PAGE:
Interest rates on savings accounts are going down rather quickly. In the United States, a very interesting trend has become apparent over the past 200 years. Under the current circumstances, it seems unlikely the Fed will offer any real improvement until early 2040 at the earliest.
Historic US Interest Rates are Interesting
Most people don’t realize interest rates have been around for much longer than anticipated. In fact, they have existed in the US since the late 18th century. The banking system is also much older than most people give it credit for. It has undergone some changes, but overall, the same “issues” have persisted since day one.
Looking at the chart below, the overall “momentum’ is rather telling. In the early days, interest rates seemed like a good idea. As more time progresses, they have become virtually unsustainable. Banks don’t mind storing people’s finances, but paying them to effectively use those assets for a bank’s own gain may no longer be viable.
The chart also confirms it is not the first time interest rates drift lower over time. A gradual decline has been recorded between 1798 and 1945, with no improvements throughout this period to speak of. While all of those decreases are fueled by macroeconomic events of a completely different scale, today’s outcome – under completely different circumstances – will be virtually the same.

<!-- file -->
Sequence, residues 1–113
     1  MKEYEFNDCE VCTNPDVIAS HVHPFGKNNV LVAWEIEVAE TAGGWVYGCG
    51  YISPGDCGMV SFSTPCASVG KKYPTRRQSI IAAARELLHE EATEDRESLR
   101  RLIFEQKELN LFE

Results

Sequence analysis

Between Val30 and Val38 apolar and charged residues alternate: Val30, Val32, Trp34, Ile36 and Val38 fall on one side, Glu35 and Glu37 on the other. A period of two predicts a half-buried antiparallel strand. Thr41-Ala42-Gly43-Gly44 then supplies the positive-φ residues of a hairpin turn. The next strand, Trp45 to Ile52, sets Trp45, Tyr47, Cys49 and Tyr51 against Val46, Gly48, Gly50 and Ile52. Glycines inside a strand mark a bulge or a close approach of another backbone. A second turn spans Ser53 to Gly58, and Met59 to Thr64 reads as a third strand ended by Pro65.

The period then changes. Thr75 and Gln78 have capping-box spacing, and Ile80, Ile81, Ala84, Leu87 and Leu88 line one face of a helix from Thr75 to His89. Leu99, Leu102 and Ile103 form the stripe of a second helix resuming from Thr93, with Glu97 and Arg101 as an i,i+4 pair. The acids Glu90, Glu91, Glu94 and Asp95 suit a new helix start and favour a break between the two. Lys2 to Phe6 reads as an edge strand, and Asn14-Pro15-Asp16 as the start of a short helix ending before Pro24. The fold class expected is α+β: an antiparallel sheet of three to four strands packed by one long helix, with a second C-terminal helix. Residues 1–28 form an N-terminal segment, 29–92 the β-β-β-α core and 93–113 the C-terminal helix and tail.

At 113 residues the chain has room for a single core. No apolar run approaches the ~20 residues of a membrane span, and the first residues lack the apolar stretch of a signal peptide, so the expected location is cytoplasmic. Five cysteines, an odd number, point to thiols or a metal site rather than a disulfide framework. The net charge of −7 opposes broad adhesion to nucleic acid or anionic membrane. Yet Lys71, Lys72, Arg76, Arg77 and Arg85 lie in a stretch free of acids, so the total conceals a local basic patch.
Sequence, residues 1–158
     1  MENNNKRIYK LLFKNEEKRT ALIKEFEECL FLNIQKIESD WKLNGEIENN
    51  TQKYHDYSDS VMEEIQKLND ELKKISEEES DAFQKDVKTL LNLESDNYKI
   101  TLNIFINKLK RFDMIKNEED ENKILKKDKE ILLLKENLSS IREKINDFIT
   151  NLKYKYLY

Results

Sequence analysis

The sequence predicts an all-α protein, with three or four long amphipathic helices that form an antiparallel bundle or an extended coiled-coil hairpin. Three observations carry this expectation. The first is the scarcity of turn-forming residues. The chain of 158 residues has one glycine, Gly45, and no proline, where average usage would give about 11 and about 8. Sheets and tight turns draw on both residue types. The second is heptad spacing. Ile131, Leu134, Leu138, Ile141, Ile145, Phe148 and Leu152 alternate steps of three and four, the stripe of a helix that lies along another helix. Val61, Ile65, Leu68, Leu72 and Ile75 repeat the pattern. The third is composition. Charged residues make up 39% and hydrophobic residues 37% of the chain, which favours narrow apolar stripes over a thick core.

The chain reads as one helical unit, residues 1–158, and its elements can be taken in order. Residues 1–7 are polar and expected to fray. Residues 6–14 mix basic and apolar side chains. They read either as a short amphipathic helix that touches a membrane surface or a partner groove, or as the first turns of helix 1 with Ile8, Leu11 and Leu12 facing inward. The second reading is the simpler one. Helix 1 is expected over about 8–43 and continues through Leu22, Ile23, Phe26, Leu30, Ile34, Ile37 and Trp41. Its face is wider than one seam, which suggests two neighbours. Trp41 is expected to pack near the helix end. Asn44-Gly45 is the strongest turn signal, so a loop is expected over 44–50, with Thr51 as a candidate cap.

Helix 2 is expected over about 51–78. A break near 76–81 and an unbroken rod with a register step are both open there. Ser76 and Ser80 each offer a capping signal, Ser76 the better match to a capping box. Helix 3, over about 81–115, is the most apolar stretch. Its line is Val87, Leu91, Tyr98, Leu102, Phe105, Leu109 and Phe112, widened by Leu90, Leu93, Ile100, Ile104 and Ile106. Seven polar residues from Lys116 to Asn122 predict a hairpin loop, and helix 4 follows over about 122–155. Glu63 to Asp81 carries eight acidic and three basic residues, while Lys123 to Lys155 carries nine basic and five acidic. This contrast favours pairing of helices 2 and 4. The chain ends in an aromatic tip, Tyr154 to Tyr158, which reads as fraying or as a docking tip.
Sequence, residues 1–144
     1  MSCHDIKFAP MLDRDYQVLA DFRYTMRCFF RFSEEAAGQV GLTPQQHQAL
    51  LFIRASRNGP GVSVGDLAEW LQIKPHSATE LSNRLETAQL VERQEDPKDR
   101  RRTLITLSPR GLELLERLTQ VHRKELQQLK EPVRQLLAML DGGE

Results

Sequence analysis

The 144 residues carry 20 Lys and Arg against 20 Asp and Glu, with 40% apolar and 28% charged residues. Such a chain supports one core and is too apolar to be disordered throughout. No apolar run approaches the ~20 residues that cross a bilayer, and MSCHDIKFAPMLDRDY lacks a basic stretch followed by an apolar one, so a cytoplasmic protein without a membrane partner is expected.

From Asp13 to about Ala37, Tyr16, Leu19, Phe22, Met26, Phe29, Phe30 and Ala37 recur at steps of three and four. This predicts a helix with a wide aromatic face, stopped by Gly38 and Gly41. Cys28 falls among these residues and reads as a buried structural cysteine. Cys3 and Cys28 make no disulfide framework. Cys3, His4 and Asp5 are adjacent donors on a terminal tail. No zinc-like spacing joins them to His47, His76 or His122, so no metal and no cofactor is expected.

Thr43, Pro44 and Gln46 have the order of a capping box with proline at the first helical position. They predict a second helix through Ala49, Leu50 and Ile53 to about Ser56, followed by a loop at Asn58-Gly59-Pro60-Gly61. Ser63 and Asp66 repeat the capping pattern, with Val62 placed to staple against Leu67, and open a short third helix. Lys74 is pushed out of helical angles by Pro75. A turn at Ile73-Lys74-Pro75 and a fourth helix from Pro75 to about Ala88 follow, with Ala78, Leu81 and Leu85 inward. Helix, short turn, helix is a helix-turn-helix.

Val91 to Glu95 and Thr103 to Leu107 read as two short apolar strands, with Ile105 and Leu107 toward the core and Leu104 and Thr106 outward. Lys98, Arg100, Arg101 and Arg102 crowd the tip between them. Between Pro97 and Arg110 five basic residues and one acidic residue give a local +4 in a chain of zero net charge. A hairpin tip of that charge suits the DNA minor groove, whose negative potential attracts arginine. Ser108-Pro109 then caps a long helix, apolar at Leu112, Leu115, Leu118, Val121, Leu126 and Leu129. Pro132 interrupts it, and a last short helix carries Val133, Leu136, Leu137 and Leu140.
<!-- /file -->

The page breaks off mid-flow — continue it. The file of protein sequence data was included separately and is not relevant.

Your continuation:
Back in 1981, bank interest rates suddenly surged to 15.8%. Many people look at this as an appealing figure, yet it’s crucial to understand the underlying reasons as well. Rampant inflation affected the US at the time, resulting in skyrocketing prices for goods and services, While that allowed interest rates to rise, it wasn’t sufficient to offset overall inflation rates.
What is Happening Today
Ever since that “peak” in interest rates, the decline has become more outspoken. Rates decreased by over 86% by the time the financial crisis of 2008 came around. Granted, that period saw the steepest decline in rates altogether, but it was merely a sign of things to come. In hindsight, it is no surprise that an asset like Bitcoin came to market shortly after this period.
Instead of learning from mistakes during the financial crisis, things have grown progressively worse. Banks eventually shifted to a “lower interest rates for longer periods of time” approach. It is the only solution that may have some longevity, yet even that concept is now coming under a lot of pressure. Various countries enforce negative interest rates, and the US is likely to follow that example.
Turning this situation around will not occur anytime soon. As the goal is now to keep rates lower for extended periods of time, banks can focus their attention elsewhere. For the Federal Reserve, the average interest rate “cycle” lasts roughly 25 years. Current measures have been implemented in 2016, indicating no real changes are expected before 2040-2041.
That leaves plenty of time for consumers and companies to rethink their strategy. Storing funds in a savings account will be less appealing for at least two more decades. Numerous alternative investments have popped up since. Bitcoin and precious metals continue to make a name for themselves. A major shift in wealth transfer seems inevitable at this point.